5.1 Reading Request Headers

Reading headers is straightforward; just call the getHeader method of HttpServletRequest with the name of the header. This call returns a String if the specified header was supplied in the current request, null otherwise . In HTTP 1.0, all request headers are optional; in HTTP 1.1, only Host is required. So, always check for null before using a request header.

Core Approach

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Always check that the result of request.getHeader is non- null before using it.


Header names are not case sensitive. So, for example, request.getHeader("Connection") is interchangeable with request.getHeader("connection") .

Although getHeader is the general-purpose way to read incoming headers, a few headers are so commonly used that they have special access methods in HttpServletRequest . Following is a summary.

  • getCookies

    The getCookies method returns the contents of the Cookie header, parsed and stored in an array of Cookie objects. This method is discussed in more detail in Chapter 8 (Handling Cookies).

  • getAuthType and getRemoteUser

    The getAuthType and getRemoteUser methods break the Authorization header into its component pieces.

  • getContentLength

    The getContentLength method returns the value of the Content-Length header (as an int ).

  • getContentType

    The getContentType method returns the value of the Content-Type header (as a String ).

  • getDateHeader and getIntHeader

    The getDateHeader and getIntHeader methods read the specified headers and then convert them to Date and int values, respectively.

  • getHeaderNames

    Rather than looking up one particular header, you can use the getHeaderNames method to get an Enumeration of all header names received on this particular request. This capability is illustrated in Section 5.2 (Making a Table of All Request Headers).

  • getHeaders

    In most cases, each header name appears only once in the request. Occasionally, however, a header can appear multiple times, with each occurrence listing a separate value. Accept-Language is one such example. You can use getHeaders to obtain an Enumeration of the values of all occurrences of the header.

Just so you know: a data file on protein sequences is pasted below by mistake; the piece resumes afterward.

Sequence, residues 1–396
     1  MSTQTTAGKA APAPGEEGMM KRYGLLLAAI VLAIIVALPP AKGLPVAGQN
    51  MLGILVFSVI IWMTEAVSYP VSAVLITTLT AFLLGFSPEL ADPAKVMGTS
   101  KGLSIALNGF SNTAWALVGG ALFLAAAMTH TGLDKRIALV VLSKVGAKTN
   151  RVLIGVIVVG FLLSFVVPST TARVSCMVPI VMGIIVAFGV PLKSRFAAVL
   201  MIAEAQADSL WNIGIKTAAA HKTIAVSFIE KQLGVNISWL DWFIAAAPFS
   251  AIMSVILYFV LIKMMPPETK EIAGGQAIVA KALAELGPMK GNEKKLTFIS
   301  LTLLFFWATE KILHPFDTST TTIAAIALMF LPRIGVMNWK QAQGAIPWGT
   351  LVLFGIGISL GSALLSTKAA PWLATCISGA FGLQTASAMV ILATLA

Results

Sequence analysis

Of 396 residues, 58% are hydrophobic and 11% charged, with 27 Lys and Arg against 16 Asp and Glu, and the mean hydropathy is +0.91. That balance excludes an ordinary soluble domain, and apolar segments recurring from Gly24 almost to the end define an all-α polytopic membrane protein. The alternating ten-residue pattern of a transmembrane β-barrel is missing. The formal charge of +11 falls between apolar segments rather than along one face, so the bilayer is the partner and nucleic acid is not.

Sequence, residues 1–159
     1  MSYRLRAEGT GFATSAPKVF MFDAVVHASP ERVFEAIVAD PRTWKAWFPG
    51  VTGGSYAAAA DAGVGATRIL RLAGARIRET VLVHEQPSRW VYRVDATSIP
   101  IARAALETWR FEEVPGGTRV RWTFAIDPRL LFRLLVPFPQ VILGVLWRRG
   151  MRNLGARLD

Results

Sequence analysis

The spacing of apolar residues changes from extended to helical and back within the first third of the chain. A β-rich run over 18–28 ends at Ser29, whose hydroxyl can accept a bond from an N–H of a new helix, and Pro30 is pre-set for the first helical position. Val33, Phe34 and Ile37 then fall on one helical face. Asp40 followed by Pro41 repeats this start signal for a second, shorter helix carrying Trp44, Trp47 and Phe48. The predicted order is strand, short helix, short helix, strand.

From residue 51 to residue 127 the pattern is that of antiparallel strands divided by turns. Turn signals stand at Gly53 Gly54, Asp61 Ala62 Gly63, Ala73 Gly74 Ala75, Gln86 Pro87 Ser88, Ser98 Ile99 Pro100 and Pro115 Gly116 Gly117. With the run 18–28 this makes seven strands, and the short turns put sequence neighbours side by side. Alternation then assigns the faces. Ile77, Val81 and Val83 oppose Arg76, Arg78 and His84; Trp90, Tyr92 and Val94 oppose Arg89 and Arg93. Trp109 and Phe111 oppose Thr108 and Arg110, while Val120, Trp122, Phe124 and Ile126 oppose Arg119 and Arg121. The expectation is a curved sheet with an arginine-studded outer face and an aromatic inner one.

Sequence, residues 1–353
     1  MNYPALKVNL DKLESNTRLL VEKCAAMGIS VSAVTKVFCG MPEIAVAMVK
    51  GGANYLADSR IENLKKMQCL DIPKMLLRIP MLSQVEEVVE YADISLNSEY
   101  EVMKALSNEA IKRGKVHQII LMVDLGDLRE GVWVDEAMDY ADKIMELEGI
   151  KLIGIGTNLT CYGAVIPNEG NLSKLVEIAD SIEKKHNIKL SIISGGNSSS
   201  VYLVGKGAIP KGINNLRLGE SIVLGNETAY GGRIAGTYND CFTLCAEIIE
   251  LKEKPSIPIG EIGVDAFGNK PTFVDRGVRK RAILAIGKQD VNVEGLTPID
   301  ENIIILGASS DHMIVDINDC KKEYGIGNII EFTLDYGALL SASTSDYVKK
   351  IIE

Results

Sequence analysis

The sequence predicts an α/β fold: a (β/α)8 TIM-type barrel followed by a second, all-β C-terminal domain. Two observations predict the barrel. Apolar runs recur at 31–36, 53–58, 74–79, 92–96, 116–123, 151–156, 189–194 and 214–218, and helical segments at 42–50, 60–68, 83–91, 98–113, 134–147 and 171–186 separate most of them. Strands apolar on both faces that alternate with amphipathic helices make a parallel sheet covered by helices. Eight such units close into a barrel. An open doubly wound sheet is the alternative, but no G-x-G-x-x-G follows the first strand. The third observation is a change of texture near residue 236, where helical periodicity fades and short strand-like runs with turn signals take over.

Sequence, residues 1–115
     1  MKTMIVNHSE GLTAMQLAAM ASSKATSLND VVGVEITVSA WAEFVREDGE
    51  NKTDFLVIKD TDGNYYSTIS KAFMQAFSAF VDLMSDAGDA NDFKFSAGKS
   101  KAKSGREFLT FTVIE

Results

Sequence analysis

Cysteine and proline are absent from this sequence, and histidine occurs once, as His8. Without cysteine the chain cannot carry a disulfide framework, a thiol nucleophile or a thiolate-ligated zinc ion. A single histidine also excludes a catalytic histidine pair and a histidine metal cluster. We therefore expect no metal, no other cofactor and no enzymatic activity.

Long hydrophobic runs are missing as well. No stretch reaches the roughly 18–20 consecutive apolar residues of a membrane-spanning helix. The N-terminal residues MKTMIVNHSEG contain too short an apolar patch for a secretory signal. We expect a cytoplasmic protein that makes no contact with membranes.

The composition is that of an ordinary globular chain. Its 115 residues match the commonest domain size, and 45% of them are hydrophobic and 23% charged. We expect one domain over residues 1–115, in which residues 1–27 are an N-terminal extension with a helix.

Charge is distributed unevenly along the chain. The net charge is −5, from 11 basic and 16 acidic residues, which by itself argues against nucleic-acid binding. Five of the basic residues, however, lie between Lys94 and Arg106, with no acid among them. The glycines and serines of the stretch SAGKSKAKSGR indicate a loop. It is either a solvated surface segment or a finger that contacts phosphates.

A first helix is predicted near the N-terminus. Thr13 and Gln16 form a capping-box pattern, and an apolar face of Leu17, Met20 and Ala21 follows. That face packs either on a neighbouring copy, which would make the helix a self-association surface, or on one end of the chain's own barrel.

Finally, in addition to looking up the request headers, you can get information on the main request line itself (i.e., the first line in the example request just shown), also by means of methods in HttpServletRequest . Here is a summary of the four main methods.

  • getMethod

    The getMethod method returns the main request method (normally, GET or POST , but methods like HEAD , PUT , and DELETE are possible).

  • getRequestURI

    The getRequestURI method returns the part of the URL that comes after the host and port but before the form data. For example, for a URL of http://randomhost.com/servlet/search.BookSearch?subject=jsp , getRequestURI would return "/servlet/search.BookSearch" .

  • getQueryString

    The getQueryString method returns the form data. For example, with http://randomhost.com/servlet/search.BookSearch?subject=jsp , getQueryString would return "subject=jsp" .

  • getProtocol

    The getProtocol method returns the third part of the request line, which is generally HTTP/1.0 or HTTP/1.1 . Servlets should usually check getProtocol before specifying response headers (Chapter 7) that are specific to HTTP 1.1.



Core Servlets and JavaServer Pages (Vol. 1.Core Technologies)
Core Servlets and Javaserver Pages: Core Technologies, Vol. 1 (2nd Edition)
ISBN: 0130092290
EAN: 2147483647
Year: 2002
Pages: 194

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